Blurb: September 1888. A twenty-nine-year-old Arthur Conan Doyle practices medicine by day and writes at night. His first Sherlock Holmes story, A Study in Scarlet, although gaining critical and popular success, has only netted him twenty-five pounds. Embittered by the experience, he vows never to write another “crime story.” Then a messenger arrives with a mysterious summons from former Prime Minister William Gladstone, asking him to come to London immediately.
Once there, he is offered one month’s employment to assist the Metropolitan Police as a “consultant” in their hunt for the serial killer soon to be known as Jack the Ripper. Doyle agrees on the stipulation his old professor of surgery, Professor Joseph Bell–Doyle’s inspiration for Sherlock Holmes–agrees to work with him. Bell agrees, and soon the two are joined by Miss Margaret Harkness, an author residing in the East End who knows how to use a Derringer and serves as their guide and companion.
Pursuing leads through the dank alleys and courtyards of Whitechapel, they come upon the body of a savagely murdered fifth victim. Soon it becomes clear that the hunters have become the hunted when a knife-wielding figure approaches.
As a longtime fan of Sir Arthur Conan Doyle’s Sherlock Holmes stories, I was immediately excited by this novel’s premise. I was not disappointed.
Bradley Harper has written a learned and respectful homage to Conan Doyle which perfectly captures the tone and style of the original stories, but brings new characters and offers a satisfactory perspective on an old and regularly rehashed crime.
I will note that he does not purport to actually offer a solution to the Ripper’s identity – the case is a fictional account that incorporates real characters and events, but offers a fictional solution. Purists may bemoan this, but personally I was delighted as I am not fond of unsolved crimes or unfinished stories!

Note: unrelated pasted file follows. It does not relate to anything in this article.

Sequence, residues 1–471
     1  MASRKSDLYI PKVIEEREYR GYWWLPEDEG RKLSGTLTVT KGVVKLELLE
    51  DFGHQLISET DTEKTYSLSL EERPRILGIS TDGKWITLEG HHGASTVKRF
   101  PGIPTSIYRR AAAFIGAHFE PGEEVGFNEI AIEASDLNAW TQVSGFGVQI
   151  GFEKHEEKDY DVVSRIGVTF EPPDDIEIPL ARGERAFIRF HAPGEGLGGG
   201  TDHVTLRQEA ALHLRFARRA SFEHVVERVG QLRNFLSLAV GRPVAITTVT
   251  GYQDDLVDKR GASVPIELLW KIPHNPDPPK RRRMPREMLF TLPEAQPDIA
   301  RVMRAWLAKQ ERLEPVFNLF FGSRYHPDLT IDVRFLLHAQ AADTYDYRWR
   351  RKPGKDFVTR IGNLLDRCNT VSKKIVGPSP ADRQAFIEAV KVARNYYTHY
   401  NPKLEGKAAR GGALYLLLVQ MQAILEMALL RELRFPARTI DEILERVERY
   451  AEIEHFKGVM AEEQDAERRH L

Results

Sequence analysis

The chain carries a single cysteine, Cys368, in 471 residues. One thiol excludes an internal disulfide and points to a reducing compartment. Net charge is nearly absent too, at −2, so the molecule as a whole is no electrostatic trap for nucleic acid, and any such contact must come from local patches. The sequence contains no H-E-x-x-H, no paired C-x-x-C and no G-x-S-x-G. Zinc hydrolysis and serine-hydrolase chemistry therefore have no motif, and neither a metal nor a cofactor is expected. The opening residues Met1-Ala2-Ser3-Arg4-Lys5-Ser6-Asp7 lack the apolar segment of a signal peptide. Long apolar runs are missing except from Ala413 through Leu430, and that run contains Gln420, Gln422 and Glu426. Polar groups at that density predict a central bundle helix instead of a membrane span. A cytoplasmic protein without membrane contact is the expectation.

My favourite aspect of this story is how Harper evokes the shades of Watson and Holmes, but avoids turning his characters into them. We see elements of the great detective and doctor in Bell, Doyle, Harkness and even Inspector Abberline (who is afforded more respect than poor old Lestrade!), but the characters also have their own rounded personalities that make them more interesting in their own right, and prevent them from being predictable.
By taking a true crime, and this particular crime, as his template for the plot, the author did limit himself in terms of suspects and clues. The focus here is more on following and aiding the official investigation, and the ‘team’ regularly admit their lack of progress during the course of this. However the characters and events are sufficiently gripping of themselves to keep the reader hooked and entertained, and the climax is all the excitement one could wish for.
In short, I would thoroughly recommend this story to all fans of Conan Doyle’s own writing – of all the Holmes-related stories I have read from other authors, this one is by far my favourite! I look forward to seeing Doyle, Harkness and Bell return for further adventures, as the ‘first in series’ tag suggests.
Frankly, I did not feel myself up to the task, but I have always possessed a robust curiosity, so I decided to give the investigation a week. If nothing else, I was already twenty-one pounds richer for the experience, and this firsthand exposure to police investigations could serve me well should I decide to pen any further crime stories. They were quite the rage at the time, and in truth such tales have never waned in their power to grasp the public’s fancy. It says much about human nature, I fear. None of it good.
– Bradley Harper, A Knife in the Fog
Find more from Bradley Harper at his website here, or follow him on Facebook, Twitter, Instagram and Goodreads.
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